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Consultation on best approach to problem gambling

Published: Thu 17 Oct 2002 03:55 PM
Consultation on best approach to problem gambling
New Zealanders are gambling away close to $1.5 billion a year and with problem gambling on the increase, the Ministry of Health wants suggestions on the best ways of coping with it.
The economic impact of gambling addiction is estimated to be in the millions of dollars per year, and on the rise. Because of this, the Government has introduced the Responsible Gambling Bill to help curb a problem affecting tens of thousands of New Zealanders.
That bill is currently before the Government Administation Select Committee and is due back before the house at the end of November. If it is passed it will give the Ministry of Health sole responsibility for coordinating problem gambling services.
In anticipation of this, Cabinet has asked the Ministry of Health to produce a draft plan, and public input is now being sought. A series of public meetings on the Draft Plan for Minimising Gambling Harm will be held from October 24 to Nov 15. Written submissions will also be accepted until November 29.
"Department of Internal Affairs figures show in the Year to June 2001, $1.459 billion was lost by New Zealanders to the gaming industry ? that's almost $400 per person, and double the total figure seven years ago," said Cynthia Maling, manager of public health policy.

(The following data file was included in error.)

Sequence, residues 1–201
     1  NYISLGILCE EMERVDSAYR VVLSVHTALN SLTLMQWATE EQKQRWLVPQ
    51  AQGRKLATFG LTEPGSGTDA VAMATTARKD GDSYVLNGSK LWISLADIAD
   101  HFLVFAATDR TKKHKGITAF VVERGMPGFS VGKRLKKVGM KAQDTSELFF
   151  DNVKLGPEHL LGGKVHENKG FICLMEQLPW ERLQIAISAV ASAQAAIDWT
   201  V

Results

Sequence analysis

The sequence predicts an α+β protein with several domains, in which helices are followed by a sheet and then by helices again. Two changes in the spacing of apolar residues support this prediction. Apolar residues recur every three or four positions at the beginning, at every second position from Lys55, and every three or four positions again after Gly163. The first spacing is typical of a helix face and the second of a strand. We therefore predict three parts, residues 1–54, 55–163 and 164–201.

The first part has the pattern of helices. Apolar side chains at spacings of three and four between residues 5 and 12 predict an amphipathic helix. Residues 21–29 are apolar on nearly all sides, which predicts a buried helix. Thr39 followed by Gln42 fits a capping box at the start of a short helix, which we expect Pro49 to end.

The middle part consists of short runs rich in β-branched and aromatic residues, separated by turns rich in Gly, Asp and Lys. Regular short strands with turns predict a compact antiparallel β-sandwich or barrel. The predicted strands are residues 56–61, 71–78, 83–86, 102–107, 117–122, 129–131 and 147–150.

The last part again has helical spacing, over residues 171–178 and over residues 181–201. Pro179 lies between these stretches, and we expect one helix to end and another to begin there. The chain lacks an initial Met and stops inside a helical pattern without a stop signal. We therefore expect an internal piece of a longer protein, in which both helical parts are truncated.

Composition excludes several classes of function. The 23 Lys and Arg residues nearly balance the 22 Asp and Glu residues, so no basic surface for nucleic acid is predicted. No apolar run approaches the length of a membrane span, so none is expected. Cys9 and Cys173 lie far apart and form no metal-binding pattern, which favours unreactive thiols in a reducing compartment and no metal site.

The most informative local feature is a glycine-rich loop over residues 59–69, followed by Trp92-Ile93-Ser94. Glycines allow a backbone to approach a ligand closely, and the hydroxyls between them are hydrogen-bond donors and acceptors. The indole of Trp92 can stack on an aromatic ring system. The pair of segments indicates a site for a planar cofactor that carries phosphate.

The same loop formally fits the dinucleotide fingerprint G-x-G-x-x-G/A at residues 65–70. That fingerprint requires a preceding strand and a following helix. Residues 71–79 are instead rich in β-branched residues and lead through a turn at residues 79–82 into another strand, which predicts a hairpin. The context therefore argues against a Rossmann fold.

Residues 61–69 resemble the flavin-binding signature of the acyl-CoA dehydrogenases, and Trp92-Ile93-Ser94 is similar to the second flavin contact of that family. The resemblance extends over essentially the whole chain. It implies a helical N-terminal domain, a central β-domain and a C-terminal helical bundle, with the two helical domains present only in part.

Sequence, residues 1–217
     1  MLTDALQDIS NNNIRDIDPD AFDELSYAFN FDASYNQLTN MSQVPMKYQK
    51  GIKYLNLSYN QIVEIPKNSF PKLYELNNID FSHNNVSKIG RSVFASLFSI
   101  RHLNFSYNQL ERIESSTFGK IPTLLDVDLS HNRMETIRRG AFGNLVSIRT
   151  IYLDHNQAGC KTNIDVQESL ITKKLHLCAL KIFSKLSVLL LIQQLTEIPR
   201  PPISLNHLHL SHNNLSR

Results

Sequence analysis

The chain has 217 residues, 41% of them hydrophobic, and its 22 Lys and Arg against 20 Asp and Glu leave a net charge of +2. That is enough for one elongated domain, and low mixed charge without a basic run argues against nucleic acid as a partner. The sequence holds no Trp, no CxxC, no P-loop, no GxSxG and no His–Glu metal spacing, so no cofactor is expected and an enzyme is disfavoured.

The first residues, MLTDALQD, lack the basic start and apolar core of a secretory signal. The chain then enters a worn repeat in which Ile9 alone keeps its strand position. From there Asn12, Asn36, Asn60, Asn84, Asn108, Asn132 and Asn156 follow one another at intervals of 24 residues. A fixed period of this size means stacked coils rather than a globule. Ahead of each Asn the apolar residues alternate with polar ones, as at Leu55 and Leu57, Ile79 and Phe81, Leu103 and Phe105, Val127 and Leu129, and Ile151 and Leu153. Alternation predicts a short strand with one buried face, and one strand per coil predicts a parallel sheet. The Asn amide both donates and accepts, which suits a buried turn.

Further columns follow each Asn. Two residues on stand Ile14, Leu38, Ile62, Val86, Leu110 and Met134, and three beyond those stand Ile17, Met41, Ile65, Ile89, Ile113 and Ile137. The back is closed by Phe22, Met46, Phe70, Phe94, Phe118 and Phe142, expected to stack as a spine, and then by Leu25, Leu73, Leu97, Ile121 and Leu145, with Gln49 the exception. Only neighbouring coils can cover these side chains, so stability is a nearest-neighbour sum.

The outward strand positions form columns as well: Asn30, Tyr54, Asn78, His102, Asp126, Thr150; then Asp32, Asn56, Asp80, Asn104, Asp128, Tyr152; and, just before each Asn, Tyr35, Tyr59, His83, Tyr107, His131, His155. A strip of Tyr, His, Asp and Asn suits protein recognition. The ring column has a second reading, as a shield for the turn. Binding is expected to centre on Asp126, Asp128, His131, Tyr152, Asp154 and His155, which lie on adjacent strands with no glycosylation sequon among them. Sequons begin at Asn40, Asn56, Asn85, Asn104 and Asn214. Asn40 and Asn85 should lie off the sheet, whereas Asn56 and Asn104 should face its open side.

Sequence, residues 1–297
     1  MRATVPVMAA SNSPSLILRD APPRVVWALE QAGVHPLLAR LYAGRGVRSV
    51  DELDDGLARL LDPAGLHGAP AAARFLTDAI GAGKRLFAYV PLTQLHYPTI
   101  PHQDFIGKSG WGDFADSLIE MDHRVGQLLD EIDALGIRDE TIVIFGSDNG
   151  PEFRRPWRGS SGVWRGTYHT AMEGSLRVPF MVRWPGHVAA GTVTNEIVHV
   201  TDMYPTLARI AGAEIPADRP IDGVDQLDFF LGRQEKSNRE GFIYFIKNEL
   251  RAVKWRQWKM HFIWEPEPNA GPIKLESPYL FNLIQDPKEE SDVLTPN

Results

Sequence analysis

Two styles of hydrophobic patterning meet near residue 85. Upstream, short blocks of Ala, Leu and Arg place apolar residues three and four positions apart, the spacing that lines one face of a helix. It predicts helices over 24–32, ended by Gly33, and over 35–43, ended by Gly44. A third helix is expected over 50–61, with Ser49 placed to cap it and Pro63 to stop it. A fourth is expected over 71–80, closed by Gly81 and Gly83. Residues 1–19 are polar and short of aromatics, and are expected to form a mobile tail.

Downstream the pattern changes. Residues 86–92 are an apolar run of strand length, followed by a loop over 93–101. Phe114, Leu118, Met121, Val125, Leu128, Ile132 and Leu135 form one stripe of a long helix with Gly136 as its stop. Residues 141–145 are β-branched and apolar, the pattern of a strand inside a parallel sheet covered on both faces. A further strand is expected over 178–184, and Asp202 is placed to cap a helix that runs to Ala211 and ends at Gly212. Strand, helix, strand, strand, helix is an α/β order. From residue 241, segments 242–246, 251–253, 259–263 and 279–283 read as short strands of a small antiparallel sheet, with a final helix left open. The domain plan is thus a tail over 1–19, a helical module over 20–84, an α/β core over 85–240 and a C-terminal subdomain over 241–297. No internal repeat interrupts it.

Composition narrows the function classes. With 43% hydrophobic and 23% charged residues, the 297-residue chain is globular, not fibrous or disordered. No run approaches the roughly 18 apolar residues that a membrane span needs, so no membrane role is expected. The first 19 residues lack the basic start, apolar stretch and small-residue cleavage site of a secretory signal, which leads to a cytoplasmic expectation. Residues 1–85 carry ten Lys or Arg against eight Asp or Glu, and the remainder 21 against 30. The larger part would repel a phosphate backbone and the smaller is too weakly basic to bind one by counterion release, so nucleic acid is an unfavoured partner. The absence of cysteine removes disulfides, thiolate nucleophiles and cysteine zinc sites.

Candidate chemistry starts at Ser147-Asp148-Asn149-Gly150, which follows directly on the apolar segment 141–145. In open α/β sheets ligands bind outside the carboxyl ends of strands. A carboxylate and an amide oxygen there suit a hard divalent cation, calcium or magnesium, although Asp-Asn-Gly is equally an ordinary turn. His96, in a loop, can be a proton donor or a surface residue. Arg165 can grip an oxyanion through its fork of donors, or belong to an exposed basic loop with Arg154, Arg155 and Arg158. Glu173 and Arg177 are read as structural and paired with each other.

"The number of new gambling helpline callers and people seeking counselling has also increased at a similar rate, with more than 5,000 people asking for help for the first time in 2001."
Currently services to help people addicted to gambling are mainly funded through the Problem Gambling Committee, which comprises representatives of the gaming sector and problem gambling service providers. There is no government agency directly responsible for the prevention and treatment of problem gambling.
"The Problem Gambling Committee does an excellent job collecting levies on gaming activities and providing funds for services. However with gambling related harm emerging both in New Zealand and worldwide as a major health issue, it's becoming more appropriate for the administration of these services to be run by the Ministry of Health" said Ms Maling.
The Ministry's coordination role will be funded by an industry-wide levy on gambling profits. It will involve an integrated approach including preventative measures, treatment services and the research and evaluation of services.
Submissions close on the 29th of November. Submission forms can be found on the Ministry of Health's website:
http://www.moh.govt.nz/problemgambling

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